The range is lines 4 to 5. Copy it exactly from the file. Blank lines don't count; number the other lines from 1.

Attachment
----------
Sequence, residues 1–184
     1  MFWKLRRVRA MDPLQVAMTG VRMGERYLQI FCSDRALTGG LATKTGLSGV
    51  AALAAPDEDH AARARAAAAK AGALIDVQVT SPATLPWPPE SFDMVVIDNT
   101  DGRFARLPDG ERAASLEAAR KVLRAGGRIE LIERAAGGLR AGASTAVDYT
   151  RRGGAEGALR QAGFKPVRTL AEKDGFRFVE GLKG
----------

   101  DGRFARLPDG ERAASLEAAR KVLRAGGRIE LIERAAGGLR AGASTAVDYT
   151  RRGGAEGALR QAGFKPVRTL AEKDGFRFVE GLKG